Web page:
Bio 150, Week 4 notes
Bio 150, Week 4 notes Bio 150
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This 3 page Class Notes was uploaded by Morgan Bell on Tuesday October 11, 2016. The Class Notes belongs to Bio 150 at Converse College taught by Dr. Steele in Fall 2016. Since its upload, it has received 4 views. For similar materials see Biology of Sexuality in Biology at Converse College.
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Date Created: 10/11/16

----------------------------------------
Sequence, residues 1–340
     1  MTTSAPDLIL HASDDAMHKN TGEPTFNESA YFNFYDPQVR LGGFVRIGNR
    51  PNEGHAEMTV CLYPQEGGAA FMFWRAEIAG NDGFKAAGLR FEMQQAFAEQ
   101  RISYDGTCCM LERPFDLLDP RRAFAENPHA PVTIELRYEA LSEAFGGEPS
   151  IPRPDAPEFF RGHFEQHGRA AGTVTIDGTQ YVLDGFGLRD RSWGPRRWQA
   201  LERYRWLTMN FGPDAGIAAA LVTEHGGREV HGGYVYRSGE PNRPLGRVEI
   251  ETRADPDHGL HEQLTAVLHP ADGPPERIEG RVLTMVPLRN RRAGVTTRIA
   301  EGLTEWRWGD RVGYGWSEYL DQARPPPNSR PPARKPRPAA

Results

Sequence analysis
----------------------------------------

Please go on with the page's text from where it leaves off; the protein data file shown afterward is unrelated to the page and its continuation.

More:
Bio 150Week 4 9/199/23 Cellular Reproduction and Sex inheritance Mitosis vs. Meiosis Autosome vs. Sex Chromosome Homologous Autosomes (22 prs = 44) identical in length, size, shape, and gene sequence Sex chromosomes (1 pr= 2) XX XY nonidentical but still homologous Sex Determination The X Chromosome Carries more than 2,000 genes Most genes deal with nonsexual traits Genes on X chromosome can be expressed in both males and females The Y Chromosome Small, with few genes Master gene for male sex determination SRY gene (sexdetermining region of Y) SRY present, testes form SRY absent, ovaries form Sex Determination Primary Sex Determination Bipotential gonads ovary or testes? Chromosomal (not environmental) Y chromosome SRY gene TDF – testis determining factor XY, XXY, XXXY – males XX, XO – female Secondary Sex Determination Affects phenotype outside gonads Reproductive ducts, external genitalia Determined by hormones Other What causes changes in chromosome number? Most changes in chromosome number are due to nondisjunction (failure of chromosomes to separate) Aneuploidy Individuals have one extra or one less chromosome (2n + 1 or 2n 1) Major cause of human reproductive failure Most human miscarriages are aneuploids Down Syndrome Trisomy of chromosome 21 Mental impairment and a variety of additional defects Can be detected before birth Risk of Down syndrome increases dramatically when mothers are over age 35 Turner Syndrome Inheritance of only one X (XO) 98% spontaneously aborted Survivors are short, infertile females No functional ovaries Secondary sexual traits reduced May be treated with hormones, surgery Klinefelter Syndrome XXY condition Results mainly from nondisjunction in mother (67%) Phenotype is tall males Sterile or nearly so Feminized traits (sparse facial hair, somewhat enlarged breasts) Treated with testosterone injections
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